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    Quote Originally Posted by Copernicus View Post
    Quote Originally Posted by rousseau View Post
    Quote Originally Posted by Copernicus View Post
    it seems clear that subjective experience emerges from objective interactions in a running neural system.
    I hesitate to say much about subjective experience based on what philosophy has said. We need to open up the brain and understand the mechanics, then the mechanics are what can be said. It seems like a trivial point, but I think what I mentioned earlier about consciousness as something that happens is important.

    Classically we've phrased experience as something that happens to 'us', where I'd argue that it just happens. We're a material system that senses and responds to the environment. We don't experience, the body has an interface with the environment that allows it to respond. So when our foot touches the ground, a sensation that the ground is there happens. In some way the brain processes and interprets that information.
    I am thinking along the same lines that you are, but I disagree that we "don't experience". Of course we do, and we even have a name for what we do. That's exactly what the nervous system does for us. And I would stop just referring to "the brain". It is the entire nervous system, including the peripheral nervous system. Our ability to model reality and predict future events is entirely constructed out of experiences that we can reconstruct every time we remember something. Just "opening up" the brain isn't really going to help us solve the mind-body problem, and Nagel explained why, in my opinion.
    My claim isn't that we don't experience, it's that there is no central experiencer. I think it's more accurate to say that the body 'senses' the environment by various means, and what is stored in memory is our 'experience'.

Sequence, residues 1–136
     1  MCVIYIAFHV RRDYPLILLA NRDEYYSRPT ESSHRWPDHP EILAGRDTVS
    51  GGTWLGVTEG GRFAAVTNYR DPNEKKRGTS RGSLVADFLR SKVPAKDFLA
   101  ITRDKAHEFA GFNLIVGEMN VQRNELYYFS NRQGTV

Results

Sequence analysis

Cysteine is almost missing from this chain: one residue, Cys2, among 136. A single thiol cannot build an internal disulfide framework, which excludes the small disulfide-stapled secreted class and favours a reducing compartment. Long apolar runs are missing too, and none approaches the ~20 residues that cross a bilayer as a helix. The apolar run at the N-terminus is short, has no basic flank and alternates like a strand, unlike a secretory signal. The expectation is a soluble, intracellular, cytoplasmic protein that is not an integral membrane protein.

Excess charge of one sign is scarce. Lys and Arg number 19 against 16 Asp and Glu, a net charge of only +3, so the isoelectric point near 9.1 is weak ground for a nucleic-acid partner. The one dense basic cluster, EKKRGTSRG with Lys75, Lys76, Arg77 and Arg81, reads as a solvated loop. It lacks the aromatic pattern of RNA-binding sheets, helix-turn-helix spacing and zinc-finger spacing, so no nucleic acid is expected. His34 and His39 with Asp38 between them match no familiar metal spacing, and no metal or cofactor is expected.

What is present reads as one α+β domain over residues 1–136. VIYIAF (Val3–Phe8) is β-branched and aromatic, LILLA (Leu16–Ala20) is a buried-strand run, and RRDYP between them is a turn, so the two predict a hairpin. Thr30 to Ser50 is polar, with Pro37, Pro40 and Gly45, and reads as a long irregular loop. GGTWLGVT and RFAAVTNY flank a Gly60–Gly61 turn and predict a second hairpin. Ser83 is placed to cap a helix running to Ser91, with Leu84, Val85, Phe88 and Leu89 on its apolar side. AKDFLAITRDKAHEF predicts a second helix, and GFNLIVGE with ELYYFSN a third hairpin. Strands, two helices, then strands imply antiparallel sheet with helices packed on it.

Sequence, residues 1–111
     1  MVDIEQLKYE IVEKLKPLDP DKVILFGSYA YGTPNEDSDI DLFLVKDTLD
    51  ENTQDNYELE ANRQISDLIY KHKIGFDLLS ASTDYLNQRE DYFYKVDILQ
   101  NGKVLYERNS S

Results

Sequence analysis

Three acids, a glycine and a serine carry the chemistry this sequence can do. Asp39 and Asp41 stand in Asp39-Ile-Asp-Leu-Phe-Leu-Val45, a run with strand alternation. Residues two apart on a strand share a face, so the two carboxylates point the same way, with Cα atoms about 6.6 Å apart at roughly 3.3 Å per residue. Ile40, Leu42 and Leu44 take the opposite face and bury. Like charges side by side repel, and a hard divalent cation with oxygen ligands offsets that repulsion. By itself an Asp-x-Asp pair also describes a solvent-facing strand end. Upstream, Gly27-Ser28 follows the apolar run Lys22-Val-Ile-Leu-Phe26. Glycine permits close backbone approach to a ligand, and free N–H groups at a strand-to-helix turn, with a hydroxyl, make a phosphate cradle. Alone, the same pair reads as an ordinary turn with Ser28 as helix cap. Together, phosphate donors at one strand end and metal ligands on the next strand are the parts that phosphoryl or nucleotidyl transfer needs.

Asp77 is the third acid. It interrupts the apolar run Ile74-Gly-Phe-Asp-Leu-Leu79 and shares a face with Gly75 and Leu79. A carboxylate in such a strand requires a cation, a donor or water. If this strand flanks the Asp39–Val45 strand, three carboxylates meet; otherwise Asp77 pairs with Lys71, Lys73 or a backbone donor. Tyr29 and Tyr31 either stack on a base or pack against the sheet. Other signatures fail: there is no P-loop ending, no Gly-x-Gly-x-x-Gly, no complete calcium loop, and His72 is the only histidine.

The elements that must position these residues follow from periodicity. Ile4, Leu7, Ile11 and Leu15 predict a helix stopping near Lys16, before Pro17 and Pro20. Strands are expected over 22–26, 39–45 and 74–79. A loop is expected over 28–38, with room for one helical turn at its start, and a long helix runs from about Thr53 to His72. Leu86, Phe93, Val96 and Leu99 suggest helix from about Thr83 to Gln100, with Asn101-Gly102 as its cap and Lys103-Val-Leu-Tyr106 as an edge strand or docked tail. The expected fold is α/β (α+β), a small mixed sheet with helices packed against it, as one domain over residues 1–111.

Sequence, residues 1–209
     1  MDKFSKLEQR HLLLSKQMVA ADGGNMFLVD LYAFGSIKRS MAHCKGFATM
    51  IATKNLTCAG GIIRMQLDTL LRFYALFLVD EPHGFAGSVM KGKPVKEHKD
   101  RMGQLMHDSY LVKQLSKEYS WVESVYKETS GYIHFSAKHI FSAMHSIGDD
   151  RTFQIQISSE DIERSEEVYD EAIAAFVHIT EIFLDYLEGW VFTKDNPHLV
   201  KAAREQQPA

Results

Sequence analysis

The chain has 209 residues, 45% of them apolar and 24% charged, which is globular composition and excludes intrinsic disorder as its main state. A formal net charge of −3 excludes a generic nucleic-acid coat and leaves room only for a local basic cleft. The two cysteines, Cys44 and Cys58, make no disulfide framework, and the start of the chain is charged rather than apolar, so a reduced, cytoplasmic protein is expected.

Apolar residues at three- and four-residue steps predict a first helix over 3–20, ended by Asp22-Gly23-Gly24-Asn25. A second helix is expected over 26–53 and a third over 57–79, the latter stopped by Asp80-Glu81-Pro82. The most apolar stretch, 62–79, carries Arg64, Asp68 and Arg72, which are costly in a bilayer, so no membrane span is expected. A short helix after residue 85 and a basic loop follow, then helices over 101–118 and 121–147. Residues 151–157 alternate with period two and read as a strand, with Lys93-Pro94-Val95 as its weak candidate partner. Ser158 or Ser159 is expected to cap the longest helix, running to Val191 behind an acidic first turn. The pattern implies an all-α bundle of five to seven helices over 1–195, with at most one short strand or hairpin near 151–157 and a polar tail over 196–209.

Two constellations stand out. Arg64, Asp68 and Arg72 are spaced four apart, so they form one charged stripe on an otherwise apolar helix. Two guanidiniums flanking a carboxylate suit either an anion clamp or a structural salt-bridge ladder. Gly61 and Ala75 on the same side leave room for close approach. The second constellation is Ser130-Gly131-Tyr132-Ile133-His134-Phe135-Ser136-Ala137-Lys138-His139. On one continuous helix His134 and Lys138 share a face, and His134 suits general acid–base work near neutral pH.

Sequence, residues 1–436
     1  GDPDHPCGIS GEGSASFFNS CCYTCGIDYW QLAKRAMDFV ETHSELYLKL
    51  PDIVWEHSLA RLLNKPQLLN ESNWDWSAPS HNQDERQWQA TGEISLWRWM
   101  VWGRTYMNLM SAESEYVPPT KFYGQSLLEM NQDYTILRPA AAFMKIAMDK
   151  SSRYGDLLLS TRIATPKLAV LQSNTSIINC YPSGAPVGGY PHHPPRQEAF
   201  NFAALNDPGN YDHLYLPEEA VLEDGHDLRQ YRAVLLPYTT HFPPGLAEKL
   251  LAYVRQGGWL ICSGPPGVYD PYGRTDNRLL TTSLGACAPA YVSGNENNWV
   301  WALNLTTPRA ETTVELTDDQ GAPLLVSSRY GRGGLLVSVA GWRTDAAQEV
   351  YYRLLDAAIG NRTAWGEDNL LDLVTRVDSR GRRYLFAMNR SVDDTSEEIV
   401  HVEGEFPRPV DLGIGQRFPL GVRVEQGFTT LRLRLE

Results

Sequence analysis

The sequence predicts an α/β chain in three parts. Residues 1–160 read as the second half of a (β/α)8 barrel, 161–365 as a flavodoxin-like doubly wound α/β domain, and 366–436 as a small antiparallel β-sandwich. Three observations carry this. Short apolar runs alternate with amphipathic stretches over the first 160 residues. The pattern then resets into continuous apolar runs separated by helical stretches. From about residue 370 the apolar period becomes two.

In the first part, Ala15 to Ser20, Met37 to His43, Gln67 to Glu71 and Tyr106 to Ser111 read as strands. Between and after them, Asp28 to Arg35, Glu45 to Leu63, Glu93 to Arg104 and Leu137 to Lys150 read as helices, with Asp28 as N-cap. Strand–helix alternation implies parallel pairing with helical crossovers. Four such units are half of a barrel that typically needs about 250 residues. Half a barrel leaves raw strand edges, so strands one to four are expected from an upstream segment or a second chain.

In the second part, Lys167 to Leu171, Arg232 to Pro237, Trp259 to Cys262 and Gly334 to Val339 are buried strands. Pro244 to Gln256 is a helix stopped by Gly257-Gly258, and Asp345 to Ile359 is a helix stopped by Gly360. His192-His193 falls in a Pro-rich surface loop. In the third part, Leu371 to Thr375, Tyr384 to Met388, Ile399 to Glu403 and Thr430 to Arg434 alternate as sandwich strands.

IOW there is nothing called 'mind' that experiences. There is a body that senses. We imagine ourselves as a 'something' that senses, where in reality we're a body of disparate sensory organs that interact with the environment in conjunction with each other.

    I tried reading your article but had trouble really gleaning the central message. But overall I'm skeptical of the role of philosophy in understanding neuroscience. Certainly the brain is a physical system and in theory the phenomena it projects can be modeled. So until we have the means to model it I don't know what value there is in thinking or writing about it.

    Perhaps if you explained the paper it would help those that don't have the time to really commit to it.

    Sent from my SM-A520W using Tapatalk

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    Fair dinkum thinkum bilby's Avatar
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    Quote Originally Posted by Copernicus View Post
    Quote Originally Posted by rousseau View Post
    Quote Originally Posted by Copernicus View Post
    it seems clear that subjective experience emerges from objective interactions in a running neural system.
    I hesitate to say much about subjective experience based on what philosophy has said. We need to open up the brain and understand the mechanics, then the mechanics are what can be said. It seems like a trivial point, but I think what I mentioned earlier about consciousness as something that happens is important.

    Classically we've phrased experience as something that happens to 'us', where I'd argue that it just happens. We're a material system that senses and responds to the environment. We don't experience, the body has an interface with the environment that allows it to respond. So when our foot touches the ground, a sensation that the ground is there happens. In some way the brain processes and interprets that information.
    I am thinking along the same lines that you are, but I disagree that we "don't experience". Of course we do, and we even have a name for what we do. That's exactly what the nervous system does for us. And I would stop just referring to "the brain". It is the entire nervous system, including the peripheral nervous system. Our ability to model reality and predict future events is entirely constructed out of experiences that we can reconstruct every time we remember something. Just "opening up" the brain isn't really going to help us solve the mind-body problem, and Nagel explained why, in my opinion.
    It's worse than that, Jim. There's the endocrine system to consider as well.

    It tends to get ignored, but it's much more complex than the nervous system, it's much more influential in many circumstances, and its effects tend to be systemic, while nervous system effects are more localised.

    If you ignore the endocrine system, you are ignoring a very large part of the question, and if you don't, you need to consider pretty much every cell in the body - including many that are not even human, or eukaryotic for that matter.